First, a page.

All Blog Posts Tagged 'Literature' (160)

A New Captivating Irish Memoir

NOW RANKED #1 NEW RELEASE ON AMAZON’S IRISH MEMOIRS!!

REVIEW RATING OF 5-STARS!!

LAUGHTER, TEARS &…

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Added by Niall John Kavanagh on April 9, 2017 at 4:00pm — 1 Comment

Ireland In So Many Words: A Year of Reading Irish Authors



I’ve spent a lot of time this past year talking about guilt, about exile and return, and about mammies, and about the guilt mammies can instil in their offspring when said offspring return from self-imposed exile, which was usually to escape said mammy’s…

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Added by Caroline Doherty de Novoa on March 28, 2017 at 8:00pm — 2 Comments

Childhood Memories, a Poem by Anna Kelly

A clean “Memory Slate,” brought to this earth,

Shining and new on the day of our birth.

A special place to chronicle and store,

Experiences formative, new and enticing.

Many of them significant…

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Added by Anna Kelly on March 15, 2017 at 11:00am — No Comments

Book Review: 'The Stolen Child' by Lisa Carey

Because I once lived on the western coast of Ireland, and because author Lisa Carey moved to the island of Inishbofin, off Ireland's west coast to research her first book, I've been following her career for many years. I've loved each of her four Irish-themed novels, and eagerly awaited the February 7th release of her latest, "The…

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Added by Claire Fullerton on February 25, 2017 at 6:00pm — 14 Comments

A Poem To Salute St. Brendan the Navigator.

Ships, Real and Imaginary

It’s a piece of rock with a wonderful beginning.

A cause for marvelling in a right of its own.

Formed deep in the magma of earth.

Mainly composed of…

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Added by Anna Kelly on January 30, 2017 at 2:00pm — 4 Comments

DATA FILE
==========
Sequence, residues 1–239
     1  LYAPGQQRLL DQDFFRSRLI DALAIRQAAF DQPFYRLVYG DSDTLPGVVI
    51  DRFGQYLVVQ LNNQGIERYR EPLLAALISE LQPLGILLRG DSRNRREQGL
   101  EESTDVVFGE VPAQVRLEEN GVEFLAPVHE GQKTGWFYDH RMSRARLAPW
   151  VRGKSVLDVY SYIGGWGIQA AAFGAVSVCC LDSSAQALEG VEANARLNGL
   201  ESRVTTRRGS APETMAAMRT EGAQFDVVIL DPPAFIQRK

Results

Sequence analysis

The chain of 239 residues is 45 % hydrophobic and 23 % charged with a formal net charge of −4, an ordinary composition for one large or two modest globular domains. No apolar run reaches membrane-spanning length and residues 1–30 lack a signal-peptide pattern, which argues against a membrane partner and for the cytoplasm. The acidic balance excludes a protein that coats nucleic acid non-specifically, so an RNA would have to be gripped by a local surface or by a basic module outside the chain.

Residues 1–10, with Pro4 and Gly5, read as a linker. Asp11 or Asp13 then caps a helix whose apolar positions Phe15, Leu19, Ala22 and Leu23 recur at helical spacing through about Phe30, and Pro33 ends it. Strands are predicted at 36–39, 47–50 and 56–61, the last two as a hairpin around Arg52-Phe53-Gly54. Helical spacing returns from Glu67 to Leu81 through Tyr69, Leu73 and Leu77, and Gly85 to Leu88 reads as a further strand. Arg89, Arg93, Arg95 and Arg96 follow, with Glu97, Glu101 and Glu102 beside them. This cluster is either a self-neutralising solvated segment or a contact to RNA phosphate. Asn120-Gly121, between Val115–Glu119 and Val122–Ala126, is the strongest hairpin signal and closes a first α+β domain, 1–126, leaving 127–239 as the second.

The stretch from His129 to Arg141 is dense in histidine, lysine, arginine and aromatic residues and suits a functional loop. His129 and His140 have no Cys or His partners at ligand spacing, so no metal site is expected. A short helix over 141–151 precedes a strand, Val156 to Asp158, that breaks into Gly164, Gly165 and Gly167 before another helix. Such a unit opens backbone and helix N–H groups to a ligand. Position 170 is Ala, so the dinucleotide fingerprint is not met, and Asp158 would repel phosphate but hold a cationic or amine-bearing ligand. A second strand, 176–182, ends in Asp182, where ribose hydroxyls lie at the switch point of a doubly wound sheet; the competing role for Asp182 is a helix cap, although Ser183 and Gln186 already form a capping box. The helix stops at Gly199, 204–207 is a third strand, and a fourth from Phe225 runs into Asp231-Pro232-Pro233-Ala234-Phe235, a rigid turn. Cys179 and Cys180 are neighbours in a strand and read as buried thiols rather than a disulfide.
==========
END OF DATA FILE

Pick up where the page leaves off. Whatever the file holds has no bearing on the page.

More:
Founding Member
The Gaelic Quatrain -- Students, Sharpen Your Pencils

IRISH SOCIETY WRITING CONTEST

The Irish Cultural Society announces its annual writing contest for students in the 9th through 12th grades in the Nassau County high schools. …

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Added by John M. Walsh on January 23, 2017 at 6:00pm — 1 Comment

In Time for Christmas

'Christmas is coming; the goose is…

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Added by John Anthony Brennan on December 15, 2016 at 11:30pm — 2 Comments


Founding Member
Amanda McKittrick Ros -- 'World's Worst Poet'?

Anna Margaret Ross (née McKittrick; 8 December 1860–2 February 1939), was an Irish writer,  who used the nom de plume Amanda McKittrick Ros. She was born in Drumaness, County Down, on December 8, 1860.  She holds the…

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Added by Nollaig 2016 on December 4, 2016 at 7:00pm — 1 Comment

Tracking the Prince: The Rock of Cashel

For Part 2 in my series on research sites for my book, The Prince of Glencurragh, I find that my content does not show up well in this application. I invite readers to view the latest instalment by following the link below:…

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Added by Nancy Blanton on October 31, 2016 at 2:00pm — No Comments

Tracking the Prince: Kanturk Castle

My new blog series covers sites in Ireland I researched for my latest novel, The Prince of Glencurragh, starting with Kanturk Castle.

Added by Nancy Blanton on September 28, 2016 at 6:00am — No Comments

Irish Revolution Premiere This Fall, 1916-2016

September Update: Making a Difference

Our book signings at the Landmark Tavern, and Kilkenny's went well as a whole. We just received a Matching Gift from Marion O'Neill our newest Patron @ PSEG. See www.fracturedatlas.org

Mark your calendar's for a William Carlos Williams event In Rutherford, NJ on 9/17/16. WCW Poetry Symposium event…